The apocalypse depicted in Revolution corrects a myriad of modern injustices, from laziness to sloppy living to overindulgence; it's soon clear that for all the heroes’ battles with evil soldiers and bandits patrolling the land, it’s the pre-blackout fast-paced, materialistic, digitally fixated society that represents the real dystopia. Thanks to worldwide catastrophe, TV- and iPhone-hypnotized children morph into capable, imaginative teenagers hunting and gathering to their hearts' contents, echoing the pastoral reveries of The Hunger Games. Millionaire Google executives are reduced to awkward, cowardly geeks who stoop over to catch their breath every few minutes. The injustice of high-tech, remote-control weaponry is supplanted by the much more egalitarian rigors of hand-to-hand combat. Best of all, the handsome, well-muscled teenager started out as our damsel in distress, thanks to his dependence on asthma inhalers. As he sighed and pouted in captivity for the first few episodes, his more able-bodied older sister colluded with a loosely knit band of rebel forces to overthrow the local militia. Throw in some fancy braids and fruity cocktails and you've got an apocalypse worth daydreaming about.
It's hard not to feel a rush of yearning for this simple if violent existence. The characters' goals are concrete and simple: hit the road in search of help or information; subvert your malevolent overlords — local, observable foes, as opposed to the faceless, splintered, omnipresent enemies we increasingly protest; hide your firearms and your American flags from evil outside forces. Even romance is more straightforward. Instead of texting with our heroine, a handsome cross-bow-wielding stranger saves her life by sticking an arrow in her assailant's chest — a move that's not only more direct than a winking emoticon, but also reflects favorably on his adaptive traits at a time when these things clearly matter.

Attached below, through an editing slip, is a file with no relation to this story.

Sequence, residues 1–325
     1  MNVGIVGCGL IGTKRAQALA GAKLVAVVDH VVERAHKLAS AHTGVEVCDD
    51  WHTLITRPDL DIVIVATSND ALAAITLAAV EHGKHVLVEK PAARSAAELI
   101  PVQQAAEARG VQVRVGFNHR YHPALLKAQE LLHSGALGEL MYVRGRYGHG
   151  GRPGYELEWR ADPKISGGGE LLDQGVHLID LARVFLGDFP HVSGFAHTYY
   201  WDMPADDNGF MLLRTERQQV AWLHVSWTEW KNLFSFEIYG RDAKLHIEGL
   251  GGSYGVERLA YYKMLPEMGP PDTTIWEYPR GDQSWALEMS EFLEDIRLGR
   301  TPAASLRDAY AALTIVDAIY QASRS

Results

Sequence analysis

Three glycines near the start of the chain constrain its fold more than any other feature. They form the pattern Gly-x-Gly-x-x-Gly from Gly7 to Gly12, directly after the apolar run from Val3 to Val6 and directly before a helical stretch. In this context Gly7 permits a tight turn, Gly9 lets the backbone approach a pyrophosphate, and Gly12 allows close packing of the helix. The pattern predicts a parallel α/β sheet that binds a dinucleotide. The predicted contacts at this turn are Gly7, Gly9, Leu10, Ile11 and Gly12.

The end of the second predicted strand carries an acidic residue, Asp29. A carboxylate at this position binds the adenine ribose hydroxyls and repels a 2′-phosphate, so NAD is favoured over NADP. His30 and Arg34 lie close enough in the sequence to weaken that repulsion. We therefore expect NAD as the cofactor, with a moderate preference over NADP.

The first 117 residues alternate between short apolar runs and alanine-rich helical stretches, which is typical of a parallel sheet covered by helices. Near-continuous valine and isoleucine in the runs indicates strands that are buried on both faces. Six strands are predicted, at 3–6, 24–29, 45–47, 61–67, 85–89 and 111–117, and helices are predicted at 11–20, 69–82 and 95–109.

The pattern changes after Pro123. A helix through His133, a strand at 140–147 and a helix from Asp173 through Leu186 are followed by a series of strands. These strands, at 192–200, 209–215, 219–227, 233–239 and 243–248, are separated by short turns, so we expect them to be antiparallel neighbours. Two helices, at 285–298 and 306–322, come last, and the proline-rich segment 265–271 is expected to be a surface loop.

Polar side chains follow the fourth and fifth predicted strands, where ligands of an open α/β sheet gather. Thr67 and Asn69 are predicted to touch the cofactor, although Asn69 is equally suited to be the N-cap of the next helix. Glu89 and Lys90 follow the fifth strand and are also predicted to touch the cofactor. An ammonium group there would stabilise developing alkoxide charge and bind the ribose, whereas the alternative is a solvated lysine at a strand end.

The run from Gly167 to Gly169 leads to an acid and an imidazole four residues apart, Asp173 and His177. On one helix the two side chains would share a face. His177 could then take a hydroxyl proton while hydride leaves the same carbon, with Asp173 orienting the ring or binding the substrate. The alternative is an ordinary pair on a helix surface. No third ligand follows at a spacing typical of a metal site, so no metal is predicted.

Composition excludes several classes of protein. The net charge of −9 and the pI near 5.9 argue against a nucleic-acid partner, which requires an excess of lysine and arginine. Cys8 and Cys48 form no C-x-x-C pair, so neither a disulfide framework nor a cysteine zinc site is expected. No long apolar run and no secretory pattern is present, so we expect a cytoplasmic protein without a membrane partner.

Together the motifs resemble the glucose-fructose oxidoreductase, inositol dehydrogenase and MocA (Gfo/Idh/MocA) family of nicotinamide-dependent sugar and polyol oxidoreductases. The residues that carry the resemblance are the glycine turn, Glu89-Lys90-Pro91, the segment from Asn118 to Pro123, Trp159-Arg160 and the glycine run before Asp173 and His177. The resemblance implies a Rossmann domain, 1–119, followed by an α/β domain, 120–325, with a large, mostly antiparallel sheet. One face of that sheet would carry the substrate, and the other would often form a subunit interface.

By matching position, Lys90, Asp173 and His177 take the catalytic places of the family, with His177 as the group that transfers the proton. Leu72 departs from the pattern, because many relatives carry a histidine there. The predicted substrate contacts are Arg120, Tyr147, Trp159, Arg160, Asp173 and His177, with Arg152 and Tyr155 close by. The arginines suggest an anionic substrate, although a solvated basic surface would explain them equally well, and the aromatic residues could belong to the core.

The writers of Revolution may be taking style cues from AMC's zombie apocalypse hit The Walking Dead, a heady mix of horror flick and soap opera that somehow milks the maximum melodrama out of each scene without losing its nostalgic undertones. Although the dirty work of slicing up zombies might be less plucky and delightful than the high-fiving Mickey Mouse Club patriotism depicted on Revolution, the escape fantasy is roughly the same. Last season the show's filthy survivors stumbled upon — what else? — a gorgeous old farmhouse, the likes of which can be found in Looper and Signs and countless other films intent on toying with our idealized notions about the romantic comforts of the heartland. What better place for our heroes to restore their strength, reassert their core values — hell, even fall in love with a farmer's daughter? They finally had time to make and eat big meals, do chores, and discuss unwanted pregnancies and conflicting parenting styles. The whole thing started to feel like a particularly gritty, new-age family retreat, led by a gaggle of temperamental gurus.